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D.C. Council Chairman Kwame R. Brown on Monday pledged to revisit open-ended laws that govern how city legislators can spend money from constituent service accounts as part of a sweeping ethics reform bill that he says is decades overdue and intended to diffuse mounting distrust of city government.
There are expenses “that just don’t make any sense, that just shouldn’t be,” Mr. Brown said of recent disclosures that council members have spent money from the lightly regulated constituent service accounts for catering, rent payments and professional sports tickets. “But I don’t think we should throw the baby out with the bath water either.”
The District is suing a nonprofit for allegedly diverting more than $300,000 in city grants intended to fund a job-training center for people with HIV/AIDS to instead renovate what became the Stadium Club, a popular nightspot that boasts “five-star dining” and nude dancers.
The office of the D.C. attorney general filed suit Tuesday against Cornell Jones, a former drug kingpin who founded a nonprofit organization called Miracle Hands three years after he served nine years on a 27-year sentence for drug distribution.
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A special investigative committee formed by the D.C. Council concluded in a report released Tuesday that “nepotism and cronyism” in the hiring practices of Mayor Vincent C. Gray’s administration violated local and federal law and damaged the city’s reputation.
The report, released after a six-month council investigation, portrays Gray (D) as “disconnected” and aloof as he allowed several top aides to control critical personnel decisions in the early days of his administration.
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The District’s efficient corps of parking meter enforcement officers are raking in revenue for the cash-strapped city at a dizzying rate this year.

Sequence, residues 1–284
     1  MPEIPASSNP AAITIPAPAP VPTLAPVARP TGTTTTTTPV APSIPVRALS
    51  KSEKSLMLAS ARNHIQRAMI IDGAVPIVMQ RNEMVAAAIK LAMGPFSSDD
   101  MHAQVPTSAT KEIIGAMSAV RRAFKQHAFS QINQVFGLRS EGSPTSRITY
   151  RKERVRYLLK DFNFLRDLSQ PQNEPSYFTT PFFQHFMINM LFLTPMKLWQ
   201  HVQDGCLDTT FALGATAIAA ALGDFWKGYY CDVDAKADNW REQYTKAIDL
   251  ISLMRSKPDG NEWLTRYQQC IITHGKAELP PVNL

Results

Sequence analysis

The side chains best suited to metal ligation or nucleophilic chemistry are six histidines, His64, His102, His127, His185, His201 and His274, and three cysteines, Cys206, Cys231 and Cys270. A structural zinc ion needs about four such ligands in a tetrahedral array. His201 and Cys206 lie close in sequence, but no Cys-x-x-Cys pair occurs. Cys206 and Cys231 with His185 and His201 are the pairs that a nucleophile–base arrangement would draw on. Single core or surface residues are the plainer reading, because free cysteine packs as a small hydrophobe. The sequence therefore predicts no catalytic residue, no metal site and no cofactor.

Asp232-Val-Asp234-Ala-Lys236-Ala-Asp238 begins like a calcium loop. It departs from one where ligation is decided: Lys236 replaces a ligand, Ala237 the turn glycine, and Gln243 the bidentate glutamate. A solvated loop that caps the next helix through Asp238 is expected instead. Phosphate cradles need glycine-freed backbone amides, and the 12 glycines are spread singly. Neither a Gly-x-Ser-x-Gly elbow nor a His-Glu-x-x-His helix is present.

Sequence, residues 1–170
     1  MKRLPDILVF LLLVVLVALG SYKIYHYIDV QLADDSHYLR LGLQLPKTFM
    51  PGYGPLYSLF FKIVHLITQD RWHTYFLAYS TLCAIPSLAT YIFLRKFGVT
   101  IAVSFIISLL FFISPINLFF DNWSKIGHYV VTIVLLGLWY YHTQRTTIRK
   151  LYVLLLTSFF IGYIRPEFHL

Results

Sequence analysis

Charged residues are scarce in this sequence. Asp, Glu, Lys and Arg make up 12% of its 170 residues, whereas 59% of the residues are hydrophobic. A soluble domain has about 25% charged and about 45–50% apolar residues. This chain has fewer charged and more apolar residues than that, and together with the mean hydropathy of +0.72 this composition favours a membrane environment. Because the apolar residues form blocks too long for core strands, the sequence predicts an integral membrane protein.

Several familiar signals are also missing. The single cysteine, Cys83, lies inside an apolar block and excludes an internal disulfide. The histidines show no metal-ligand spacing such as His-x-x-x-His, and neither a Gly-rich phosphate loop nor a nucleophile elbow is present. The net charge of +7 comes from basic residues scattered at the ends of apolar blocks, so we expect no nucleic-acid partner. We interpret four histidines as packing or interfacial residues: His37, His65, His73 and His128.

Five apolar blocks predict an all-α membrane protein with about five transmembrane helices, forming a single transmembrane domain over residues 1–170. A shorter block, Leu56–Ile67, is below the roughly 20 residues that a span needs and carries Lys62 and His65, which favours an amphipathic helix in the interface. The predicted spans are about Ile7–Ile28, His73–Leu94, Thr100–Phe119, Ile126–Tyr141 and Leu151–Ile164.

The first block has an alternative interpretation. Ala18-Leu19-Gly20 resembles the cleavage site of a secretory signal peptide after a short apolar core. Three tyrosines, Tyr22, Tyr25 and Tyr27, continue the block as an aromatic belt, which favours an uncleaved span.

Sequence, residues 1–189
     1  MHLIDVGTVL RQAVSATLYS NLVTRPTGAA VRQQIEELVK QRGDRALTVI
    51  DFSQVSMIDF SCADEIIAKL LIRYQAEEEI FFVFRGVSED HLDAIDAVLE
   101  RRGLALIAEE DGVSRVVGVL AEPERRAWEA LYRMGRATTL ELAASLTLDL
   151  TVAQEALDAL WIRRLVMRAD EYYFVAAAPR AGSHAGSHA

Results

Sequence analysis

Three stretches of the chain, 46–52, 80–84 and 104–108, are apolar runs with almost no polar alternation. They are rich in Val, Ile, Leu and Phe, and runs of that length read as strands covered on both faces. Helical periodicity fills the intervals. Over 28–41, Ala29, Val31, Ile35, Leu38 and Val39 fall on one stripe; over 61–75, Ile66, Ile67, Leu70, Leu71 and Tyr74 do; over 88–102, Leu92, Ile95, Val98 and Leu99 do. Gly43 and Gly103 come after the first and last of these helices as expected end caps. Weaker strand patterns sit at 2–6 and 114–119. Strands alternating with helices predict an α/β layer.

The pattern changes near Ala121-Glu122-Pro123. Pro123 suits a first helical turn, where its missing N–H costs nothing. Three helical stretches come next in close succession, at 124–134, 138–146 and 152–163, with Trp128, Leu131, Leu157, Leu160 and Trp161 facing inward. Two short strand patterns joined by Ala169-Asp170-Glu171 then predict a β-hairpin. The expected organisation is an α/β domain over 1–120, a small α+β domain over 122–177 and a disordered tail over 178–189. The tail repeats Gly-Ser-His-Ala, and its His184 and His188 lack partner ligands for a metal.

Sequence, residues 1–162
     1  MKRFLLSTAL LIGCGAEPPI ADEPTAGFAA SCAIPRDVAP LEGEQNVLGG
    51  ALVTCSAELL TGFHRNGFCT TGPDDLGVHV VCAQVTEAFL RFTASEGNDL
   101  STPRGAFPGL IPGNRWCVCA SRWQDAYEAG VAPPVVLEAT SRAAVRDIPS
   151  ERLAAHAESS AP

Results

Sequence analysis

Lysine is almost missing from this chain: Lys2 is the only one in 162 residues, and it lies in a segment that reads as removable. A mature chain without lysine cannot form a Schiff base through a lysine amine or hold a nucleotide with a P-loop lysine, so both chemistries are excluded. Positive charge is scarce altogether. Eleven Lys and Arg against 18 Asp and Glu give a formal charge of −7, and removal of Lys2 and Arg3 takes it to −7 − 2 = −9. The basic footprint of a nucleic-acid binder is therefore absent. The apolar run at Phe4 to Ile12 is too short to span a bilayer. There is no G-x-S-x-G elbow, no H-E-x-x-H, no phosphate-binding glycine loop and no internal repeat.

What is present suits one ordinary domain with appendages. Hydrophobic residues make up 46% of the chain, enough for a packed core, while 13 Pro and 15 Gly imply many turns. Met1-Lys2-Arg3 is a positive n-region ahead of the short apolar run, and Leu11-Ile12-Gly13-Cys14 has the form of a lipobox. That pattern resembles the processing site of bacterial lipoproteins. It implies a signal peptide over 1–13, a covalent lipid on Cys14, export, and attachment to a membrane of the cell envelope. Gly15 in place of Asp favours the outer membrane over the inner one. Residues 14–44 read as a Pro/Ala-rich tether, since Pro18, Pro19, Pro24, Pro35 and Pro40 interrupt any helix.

Their parking tickets reap $1.5 million a week, or $219,000 a day, or $450 a minute or $8 a second, according to the folks at AAA, who are fond of dissecting numbers like the overall $80 million in ticket revenue last year.
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A recall is basically a vote to yank someone out of office before the end of their term, and January 2012 marks the start of the period during which elected officials not up for re-election that year can be subject to such efforts. Among those targeted are Mayor Vince Gray, D.C. Council Chair Kwame Brown and Thomas.
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The Taxicab Commission has amended its open-meetings policy to expressly permit recording (audio and video), and to release a recording or transcript of each meeting free of charge. Click here for the new policy.
Recording is just one of many issues, and this is just one of 100 plus boards and commissions.
Two reporters were led away from a meeting of the D.C. Taxicab Commission in handcuffs and a third was barred from entry, a Washington Post columnist reported. The June 22 meeting of the commission -- a public body -- was the sort of meeting covered by the new D.C. Open Meetings Act. According to the article, attendees assert the commissioners violated the law by having the reporters removed by U.S. Park Police.